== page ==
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Maties lecturer tackling up-hill Comrades for students in need AND healthy brain cells
Author: Faculty of Science (media and communication)
Published: 17/05/2024

​​Prof Ben Loos, head of the Department of Physiological Sciences at Stellenbosch University (SU), will use the challenge posed by the Comrades Marathon – also called “the ultimate human race" – to raise funds for science students in need.

This will be his second Comrades Marathon, but his first time tackling the uphill race.

“I know it sounds a bit mad to run almost 90 km, for fun. The run from Durban to Pietermaritzburg is going to be a tough run, almost a whole marathon length up-hill. I am quite worried, and that is probably a good thing!" he commented this week.

But besides running for students in need, he has another reason for keeping fit! His research group in the Department of Physiological Sciences at SU studies the biology and physiology of the cell, using advanced microscopy and biochemistry tools to understand what goes wrong in our brain cells in the case of neurodegenerative diseases and cancer.

“We know that exercise increases the levels of autophagy, a cellular process during which brain cells get rid of damaged proteins, thereby decreasing the risk for the onset of neurodegenerative diseases such as Alzheimer's. This is where my research interest and the running come together," he explains.

He hopes to raise at least R20 000: “It has been a hard beginning of the year for the students, with many struggling financially, often because funding has been tight and delayed. Their resilience and grit are inspiring and wants you to do more," he says.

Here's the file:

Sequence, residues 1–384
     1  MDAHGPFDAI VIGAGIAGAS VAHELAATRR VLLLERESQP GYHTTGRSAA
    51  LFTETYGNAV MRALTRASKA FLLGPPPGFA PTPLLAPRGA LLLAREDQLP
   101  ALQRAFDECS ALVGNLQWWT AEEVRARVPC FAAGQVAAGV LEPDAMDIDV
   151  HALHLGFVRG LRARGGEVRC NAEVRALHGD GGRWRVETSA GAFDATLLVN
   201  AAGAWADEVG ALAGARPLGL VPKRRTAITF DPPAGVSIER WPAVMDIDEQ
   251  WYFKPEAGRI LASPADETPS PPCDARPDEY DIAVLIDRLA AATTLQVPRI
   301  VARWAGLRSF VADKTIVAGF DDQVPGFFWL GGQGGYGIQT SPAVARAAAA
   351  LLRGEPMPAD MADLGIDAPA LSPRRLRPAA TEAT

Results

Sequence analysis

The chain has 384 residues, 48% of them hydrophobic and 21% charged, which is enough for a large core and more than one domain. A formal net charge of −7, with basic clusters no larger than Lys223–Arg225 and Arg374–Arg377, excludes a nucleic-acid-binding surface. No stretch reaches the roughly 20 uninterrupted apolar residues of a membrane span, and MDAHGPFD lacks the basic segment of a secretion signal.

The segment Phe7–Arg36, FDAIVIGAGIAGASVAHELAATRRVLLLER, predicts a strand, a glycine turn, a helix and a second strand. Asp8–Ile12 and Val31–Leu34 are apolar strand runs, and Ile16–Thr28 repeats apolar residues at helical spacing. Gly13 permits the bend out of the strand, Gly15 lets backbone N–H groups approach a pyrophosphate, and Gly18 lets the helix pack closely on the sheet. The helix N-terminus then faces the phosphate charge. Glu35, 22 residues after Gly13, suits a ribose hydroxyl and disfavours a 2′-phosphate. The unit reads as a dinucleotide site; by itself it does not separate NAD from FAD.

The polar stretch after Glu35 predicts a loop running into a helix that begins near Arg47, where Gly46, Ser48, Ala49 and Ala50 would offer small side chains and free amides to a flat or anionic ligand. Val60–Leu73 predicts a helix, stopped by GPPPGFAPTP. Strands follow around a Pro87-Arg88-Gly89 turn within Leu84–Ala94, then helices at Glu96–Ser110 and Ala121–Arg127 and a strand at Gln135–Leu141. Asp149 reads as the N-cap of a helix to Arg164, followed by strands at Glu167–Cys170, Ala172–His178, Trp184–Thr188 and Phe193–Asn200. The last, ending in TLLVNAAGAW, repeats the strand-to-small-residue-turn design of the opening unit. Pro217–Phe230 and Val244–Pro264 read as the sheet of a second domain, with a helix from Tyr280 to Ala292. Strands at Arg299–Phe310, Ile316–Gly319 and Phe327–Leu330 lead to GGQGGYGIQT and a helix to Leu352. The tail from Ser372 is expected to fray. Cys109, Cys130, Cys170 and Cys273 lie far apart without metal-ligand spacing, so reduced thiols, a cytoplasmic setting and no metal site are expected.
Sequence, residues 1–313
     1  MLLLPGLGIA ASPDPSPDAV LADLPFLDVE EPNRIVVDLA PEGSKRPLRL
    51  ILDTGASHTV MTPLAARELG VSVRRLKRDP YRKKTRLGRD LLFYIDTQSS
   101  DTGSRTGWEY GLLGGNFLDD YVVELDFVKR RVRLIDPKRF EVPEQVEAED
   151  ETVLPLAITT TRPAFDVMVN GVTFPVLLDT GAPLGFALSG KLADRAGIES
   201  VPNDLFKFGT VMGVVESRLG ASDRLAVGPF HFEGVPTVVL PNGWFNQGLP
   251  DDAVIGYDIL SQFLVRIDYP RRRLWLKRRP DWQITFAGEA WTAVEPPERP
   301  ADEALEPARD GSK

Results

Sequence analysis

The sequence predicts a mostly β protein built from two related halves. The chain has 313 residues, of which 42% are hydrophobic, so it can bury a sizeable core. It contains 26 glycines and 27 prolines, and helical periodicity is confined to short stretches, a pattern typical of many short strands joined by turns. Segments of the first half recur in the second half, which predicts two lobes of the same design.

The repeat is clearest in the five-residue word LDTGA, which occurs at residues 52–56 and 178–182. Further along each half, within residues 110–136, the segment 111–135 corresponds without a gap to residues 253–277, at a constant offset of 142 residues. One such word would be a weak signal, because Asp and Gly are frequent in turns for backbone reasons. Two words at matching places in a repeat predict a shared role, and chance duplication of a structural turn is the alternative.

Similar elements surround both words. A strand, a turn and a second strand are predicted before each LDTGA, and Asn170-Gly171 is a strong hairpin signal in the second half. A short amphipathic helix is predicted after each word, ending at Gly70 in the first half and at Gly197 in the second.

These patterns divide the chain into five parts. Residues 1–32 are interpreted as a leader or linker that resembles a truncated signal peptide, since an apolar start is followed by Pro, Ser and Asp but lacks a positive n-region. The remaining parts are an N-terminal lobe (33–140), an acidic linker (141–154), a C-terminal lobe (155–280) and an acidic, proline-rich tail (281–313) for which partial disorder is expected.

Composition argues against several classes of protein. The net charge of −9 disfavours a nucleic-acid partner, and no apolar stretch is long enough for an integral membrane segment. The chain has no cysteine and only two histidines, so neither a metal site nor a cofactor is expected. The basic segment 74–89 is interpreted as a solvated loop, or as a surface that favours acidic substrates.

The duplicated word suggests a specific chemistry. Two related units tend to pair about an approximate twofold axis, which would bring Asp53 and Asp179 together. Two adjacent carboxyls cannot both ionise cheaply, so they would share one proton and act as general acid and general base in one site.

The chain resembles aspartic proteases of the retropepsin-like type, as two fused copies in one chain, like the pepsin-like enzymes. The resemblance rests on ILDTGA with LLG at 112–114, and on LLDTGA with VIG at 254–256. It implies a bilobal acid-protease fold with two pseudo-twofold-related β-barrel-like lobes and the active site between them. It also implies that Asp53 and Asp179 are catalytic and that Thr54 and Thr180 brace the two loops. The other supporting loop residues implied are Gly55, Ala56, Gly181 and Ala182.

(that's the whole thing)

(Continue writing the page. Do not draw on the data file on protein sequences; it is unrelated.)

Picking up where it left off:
“We are proud of our students, and we look to them for new ideas and solutions. They do the tough work, and often push past what is possible, for a better blot, a better micrograph, another repeat, a novel approach, and that often under immense personal pressure and financial vulnerability. This deserves celebration."

While he enjoys the Comrades Marathon's incredible spirit of togetherness, it is for him also a celebration of life and conquering that which at first seemed unachievable.

Please support Prof Loos' initiative at the GivenGain platform, where he will be joining a growing number of SU staff, students and alumni running the #Move4Maties Comrades Marathon for students in need.

Click here to join the #Move4Maties Comrades Marathon WhatsApp group.

In April this year, Dr Marietjie Lutz raised over R60 000 for BSc chemistry students in need when she cycled a gruelling 600 kilometres in six days.

On the image above - Cells undergoing the process of autophagy: The green vesicles in the image are so-called autophagosomes – small vesicles that are responsible for the engulfment of cargo to be degraded. Here, the cell is very active and in the process of removing old and damaged proteins. These proteins are broken down into their separate molecules, which are then available again for the cell to build new ones or to generate energy. A very efficient recycling system at play. Images: Ben Loos